Swimmers urged to be wary of rough surf

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With the formation of a low-pressure system possibly coinciding with the arrival of thousands of Memorial Day visitors to Wrightsville’s beach strand, the town’s lifeguards want swimmers to be especially wary of ocean conditions.

Wrightsville Beach Ocean Rescue Capt. Jeremy Owens urged beachgoers to know their swimming ability, emphasizing, “The biggest thing we tell people — and it might seem obvious — but if you can’t swim, stay out of the ocean.”

That includes wading in shallow water, Owens said, or using a flotation device to compensate for lack of swimming ability. Troughs and sandbars make the ocean floor unpredictable, so, Owens said, “You could be standing in knee-deep water and take one step and be over your head.”

He also described a scenario in which a swimmer wades through a trough at low tide to reach the ankle-deep water on the sandbar. As the tide rises they attempt to wade back to shore but find the water in the trough is now over their head.

“So people who cannot swim get into trouble,” he said.

Wrightsville Beach Ocean Rescue, a squad of 32 regular guards and a number of part-time guards, man the island’s 13 lifeguard stands between 10 a.m. and 5 p.m. starting the Friday before Memorial Day. Guards will also be patrolling in two trucks and four or five ATVs, with one Jet Ski available.

They respond to a variety of issues on the beach strand and in the water, but when a large ocean swell is forecasted, as it is for Memorial Day weekend, Owens said his guards are most frequently called into action for ocean rescues.

“This weekend looks like it has the potential for high risk of rip currents,” he said.

When beachgoers arrive on the strand, he said, they should immediately check to see what color flag the lifeguards are flying from their stands.

The flags indicate risk of high surf or strong currents — red indicates high risk, yellow indicates medium, green means low. If beachgoers have questions, Owens encouraged them to talk to the lifeguards.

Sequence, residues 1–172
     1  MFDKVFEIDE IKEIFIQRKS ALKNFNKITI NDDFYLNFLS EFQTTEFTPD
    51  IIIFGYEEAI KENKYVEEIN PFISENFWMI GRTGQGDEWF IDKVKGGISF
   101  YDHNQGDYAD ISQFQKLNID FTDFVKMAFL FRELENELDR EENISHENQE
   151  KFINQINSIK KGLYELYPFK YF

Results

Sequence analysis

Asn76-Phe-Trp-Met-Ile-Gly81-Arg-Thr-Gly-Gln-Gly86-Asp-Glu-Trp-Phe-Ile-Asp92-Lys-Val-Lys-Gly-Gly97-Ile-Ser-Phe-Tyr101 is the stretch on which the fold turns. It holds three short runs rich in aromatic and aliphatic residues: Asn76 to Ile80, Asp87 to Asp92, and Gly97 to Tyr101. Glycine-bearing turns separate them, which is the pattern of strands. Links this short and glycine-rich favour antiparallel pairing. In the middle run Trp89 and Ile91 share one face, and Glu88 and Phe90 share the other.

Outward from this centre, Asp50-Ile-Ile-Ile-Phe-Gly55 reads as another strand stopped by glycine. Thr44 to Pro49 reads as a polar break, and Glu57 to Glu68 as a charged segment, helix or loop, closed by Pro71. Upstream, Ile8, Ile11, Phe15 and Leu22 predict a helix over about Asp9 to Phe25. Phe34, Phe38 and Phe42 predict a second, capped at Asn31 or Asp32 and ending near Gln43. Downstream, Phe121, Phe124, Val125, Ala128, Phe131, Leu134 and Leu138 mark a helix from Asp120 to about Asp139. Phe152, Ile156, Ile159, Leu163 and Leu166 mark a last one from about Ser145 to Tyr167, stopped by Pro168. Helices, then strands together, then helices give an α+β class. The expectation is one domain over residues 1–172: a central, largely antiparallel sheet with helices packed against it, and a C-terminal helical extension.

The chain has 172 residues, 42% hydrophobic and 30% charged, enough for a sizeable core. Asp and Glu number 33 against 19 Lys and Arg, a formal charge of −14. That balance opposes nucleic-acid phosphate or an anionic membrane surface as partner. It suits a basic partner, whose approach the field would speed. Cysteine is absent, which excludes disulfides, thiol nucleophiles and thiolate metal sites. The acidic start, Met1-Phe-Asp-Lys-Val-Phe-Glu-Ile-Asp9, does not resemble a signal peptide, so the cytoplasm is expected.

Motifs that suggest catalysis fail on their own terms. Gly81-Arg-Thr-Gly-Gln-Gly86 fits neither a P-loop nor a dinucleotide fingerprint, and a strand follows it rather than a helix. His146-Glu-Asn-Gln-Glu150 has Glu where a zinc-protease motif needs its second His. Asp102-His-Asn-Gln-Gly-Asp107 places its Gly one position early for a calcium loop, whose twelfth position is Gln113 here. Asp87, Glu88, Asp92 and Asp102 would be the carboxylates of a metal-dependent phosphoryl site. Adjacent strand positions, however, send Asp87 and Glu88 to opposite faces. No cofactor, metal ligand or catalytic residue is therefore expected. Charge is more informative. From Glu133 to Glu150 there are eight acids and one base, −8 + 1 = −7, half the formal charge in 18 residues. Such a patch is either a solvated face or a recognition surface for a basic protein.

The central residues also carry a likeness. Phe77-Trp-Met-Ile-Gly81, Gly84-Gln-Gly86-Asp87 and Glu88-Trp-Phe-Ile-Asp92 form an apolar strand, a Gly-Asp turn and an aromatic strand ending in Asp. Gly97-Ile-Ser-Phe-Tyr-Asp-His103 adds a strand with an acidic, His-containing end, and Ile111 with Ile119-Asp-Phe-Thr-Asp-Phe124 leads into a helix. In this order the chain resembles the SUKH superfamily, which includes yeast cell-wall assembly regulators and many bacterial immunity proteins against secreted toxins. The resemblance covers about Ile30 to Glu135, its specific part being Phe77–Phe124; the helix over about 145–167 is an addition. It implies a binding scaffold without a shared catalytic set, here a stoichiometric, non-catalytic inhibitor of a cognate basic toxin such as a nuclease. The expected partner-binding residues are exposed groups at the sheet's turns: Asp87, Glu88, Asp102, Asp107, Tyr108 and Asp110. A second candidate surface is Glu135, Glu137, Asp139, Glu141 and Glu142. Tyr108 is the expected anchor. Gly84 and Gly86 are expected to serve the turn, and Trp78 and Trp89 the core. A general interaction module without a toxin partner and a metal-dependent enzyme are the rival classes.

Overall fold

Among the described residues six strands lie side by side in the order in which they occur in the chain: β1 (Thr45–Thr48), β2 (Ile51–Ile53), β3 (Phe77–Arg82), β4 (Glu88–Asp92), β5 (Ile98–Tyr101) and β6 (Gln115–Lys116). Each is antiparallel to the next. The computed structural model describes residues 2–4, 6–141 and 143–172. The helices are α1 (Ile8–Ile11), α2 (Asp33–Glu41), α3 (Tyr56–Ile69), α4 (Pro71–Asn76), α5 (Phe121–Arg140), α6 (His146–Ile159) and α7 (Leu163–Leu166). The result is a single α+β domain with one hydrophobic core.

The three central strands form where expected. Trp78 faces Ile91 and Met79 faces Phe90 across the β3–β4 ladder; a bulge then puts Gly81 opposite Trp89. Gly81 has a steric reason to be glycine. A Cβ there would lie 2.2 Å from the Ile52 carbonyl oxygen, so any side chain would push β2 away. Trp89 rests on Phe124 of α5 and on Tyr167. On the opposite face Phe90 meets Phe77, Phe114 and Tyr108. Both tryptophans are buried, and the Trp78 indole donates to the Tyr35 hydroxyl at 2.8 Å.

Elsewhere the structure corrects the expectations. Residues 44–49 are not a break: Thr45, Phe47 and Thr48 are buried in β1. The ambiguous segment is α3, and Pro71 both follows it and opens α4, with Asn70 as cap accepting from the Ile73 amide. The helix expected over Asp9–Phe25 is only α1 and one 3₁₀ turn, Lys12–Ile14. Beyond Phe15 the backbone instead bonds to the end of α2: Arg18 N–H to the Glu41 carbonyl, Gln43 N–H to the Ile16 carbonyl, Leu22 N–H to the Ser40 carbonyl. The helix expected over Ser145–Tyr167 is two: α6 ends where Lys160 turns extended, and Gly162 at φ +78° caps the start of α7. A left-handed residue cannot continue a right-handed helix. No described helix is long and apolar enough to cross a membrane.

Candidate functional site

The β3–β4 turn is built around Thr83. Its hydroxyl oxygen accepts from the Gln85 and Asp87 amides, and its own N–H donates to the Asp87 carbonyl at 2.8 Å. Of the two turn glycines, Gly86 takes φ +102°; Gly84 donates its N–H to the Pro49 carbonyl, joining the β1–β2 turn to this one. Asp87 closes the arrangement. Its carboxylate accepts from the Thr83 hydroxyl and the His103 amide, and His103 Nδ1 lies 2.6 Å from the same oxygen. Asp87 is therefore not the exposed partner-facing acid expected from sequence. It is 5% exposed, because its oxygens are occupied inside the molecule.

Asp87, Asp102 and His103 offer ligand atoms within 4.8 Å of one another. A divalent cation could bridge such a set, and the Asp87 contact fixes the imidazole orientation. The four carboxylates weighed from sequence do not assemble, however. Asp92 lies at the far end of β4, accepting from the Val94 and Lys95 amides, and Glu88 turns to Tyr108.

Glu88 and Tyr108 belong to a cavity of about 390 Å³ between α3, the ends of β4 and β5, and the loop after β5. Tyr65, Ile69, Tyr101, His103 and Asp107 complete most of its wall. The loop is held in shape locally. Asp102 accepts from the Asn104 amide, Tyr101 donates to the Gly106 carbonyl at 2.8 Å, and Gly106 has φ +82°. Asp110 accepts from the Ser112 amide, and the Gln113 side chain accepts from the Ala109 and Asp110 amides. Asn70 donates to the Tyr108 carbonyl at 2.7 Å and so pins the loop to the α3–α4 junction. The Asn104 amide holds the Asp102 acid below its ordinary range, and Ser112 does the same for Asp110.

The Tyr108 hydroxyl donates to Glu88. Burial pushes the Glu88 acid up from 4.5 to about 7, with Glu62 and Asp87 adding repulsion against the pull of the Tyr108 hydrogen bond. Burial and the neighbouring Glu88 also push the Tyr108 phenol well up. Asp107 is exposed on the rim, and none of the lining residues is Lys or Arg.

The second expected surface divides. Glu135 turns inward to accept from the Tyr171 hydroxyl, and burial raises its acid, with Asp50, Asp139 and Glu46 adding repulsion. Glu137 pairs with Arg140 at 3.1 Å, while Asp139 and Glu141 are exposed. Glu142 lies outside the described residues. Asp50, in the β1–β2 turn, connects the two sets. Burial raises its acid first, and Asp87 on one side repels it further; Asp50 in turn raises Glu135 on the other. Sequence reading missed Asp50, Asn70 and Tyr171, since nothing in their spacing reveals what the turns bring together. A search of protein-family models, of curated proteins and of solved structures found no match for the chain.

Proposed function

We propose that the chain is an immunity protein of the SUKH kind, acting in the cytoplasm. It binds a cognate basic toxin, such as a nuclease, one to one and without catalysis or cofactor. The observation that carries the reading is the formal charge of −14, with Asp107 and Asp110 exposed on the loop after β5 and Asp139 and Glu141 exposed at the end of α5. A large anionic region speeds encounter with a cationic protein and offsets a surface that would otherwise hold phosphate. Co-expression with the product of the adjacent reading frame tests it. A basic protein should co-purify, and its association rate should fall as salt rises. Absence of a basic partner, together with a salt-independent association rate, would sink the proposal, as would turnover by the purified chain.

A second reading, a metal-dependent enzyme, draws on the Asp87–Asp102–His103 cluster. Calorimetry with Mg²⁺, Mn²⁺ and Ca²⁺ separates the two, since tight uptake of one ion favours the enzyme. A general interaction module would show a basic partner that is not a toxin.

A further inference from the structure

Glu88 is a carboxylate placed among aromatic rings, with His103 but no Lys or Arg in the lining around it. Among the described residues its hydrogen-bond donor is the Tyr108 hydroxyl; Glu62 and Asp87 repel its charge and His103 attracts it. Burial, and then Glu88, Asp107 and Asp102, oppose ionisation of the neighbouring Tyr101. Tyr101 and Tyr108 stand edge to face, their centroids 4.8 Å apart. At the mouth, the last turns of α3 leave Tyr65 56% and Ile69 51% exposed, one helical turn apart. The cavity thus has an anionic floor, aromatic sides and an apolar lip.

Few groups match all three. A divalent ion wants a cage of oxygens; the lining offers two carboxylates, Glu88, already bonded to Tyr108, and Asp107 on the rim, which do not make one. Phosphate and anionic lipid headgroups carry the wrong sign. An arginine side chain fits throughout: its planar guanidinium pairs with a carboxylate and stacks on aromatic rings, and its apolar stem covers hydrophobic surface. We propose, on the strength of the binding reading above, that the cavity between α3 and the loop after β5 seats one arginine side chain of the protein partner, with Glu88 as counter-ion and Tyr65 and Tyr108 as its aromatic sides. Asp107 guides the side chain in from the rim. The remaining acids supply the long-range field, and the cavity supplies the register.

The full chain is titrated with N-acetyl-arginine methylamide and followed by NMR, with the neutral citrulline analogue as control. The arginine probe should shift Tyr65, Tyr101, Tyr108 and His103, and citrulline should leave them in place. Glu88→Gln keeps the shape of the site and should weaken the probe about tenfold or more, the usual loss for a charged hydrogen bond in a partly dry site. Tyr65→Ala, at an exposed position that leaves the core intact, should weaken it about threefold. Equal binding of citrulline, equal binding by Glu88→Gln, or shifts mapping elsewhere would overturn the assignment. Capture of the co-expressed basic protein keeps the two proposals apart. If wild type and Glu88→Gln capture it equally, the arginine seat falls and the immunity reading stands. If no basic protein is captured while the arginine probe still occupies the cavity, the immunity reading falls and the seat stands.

Several parts of the beach always have rip currents, like Johnnie Mercer’s Pier and Crystal Pier. Fixed rips, as Owens called them, tend to form around structures like piers, or the jetty at the island’s south end.

For that reason, he added, the town has installed signs warning beachgoers not to swim within 200 feet on either side of the piers. May 14, bystanders pulled a drowning victim out of the rip current at Johnnie Mercer’s Pier and gave him CPR until lifeguards arrived and restored his breathing and consciousness.

But rip currents don’t just form around structures, Owens added. They can form anywhere and in a variety of conditions and tides. A spot in the ocean where waves aren’t breaking can indicate a rip current, and because rip currents suck sediment out to sea, Owens said they usually look like “a little brown river pulling away from shore.”

If a swimmer gets caught in a rip current, they should, first and foremost, stay calm and not fight the current, Owens added. Swim to the left or right to swim out of the rip current, then to shore. If they can’t swim out of the current, they should float or tread water while waving to a lifeguard for assistance.

Bystanders who observe a swimmer caught in a rip should call 911 or get a lifeguard, Owens added. Nearby surfers can — and often have — rescued drowning victims with their boards, Owens said, but swimmers should not try to perform a rescue.

They can throw a flotation device to the victim, he added, but said, “A major concern, if a large number of people go out to try to make a rescue, is that they become a victim themselves.”

The other main issues to which lifeguards respond on holiday weekends are missing children and medical emergencies, Owens said. He advised parents to watch their children at all times on the beach and, in the case of a medical emergency, call 911 and then seek a lifeguard.

“We just want everybody to come down here and be safe,” he said.

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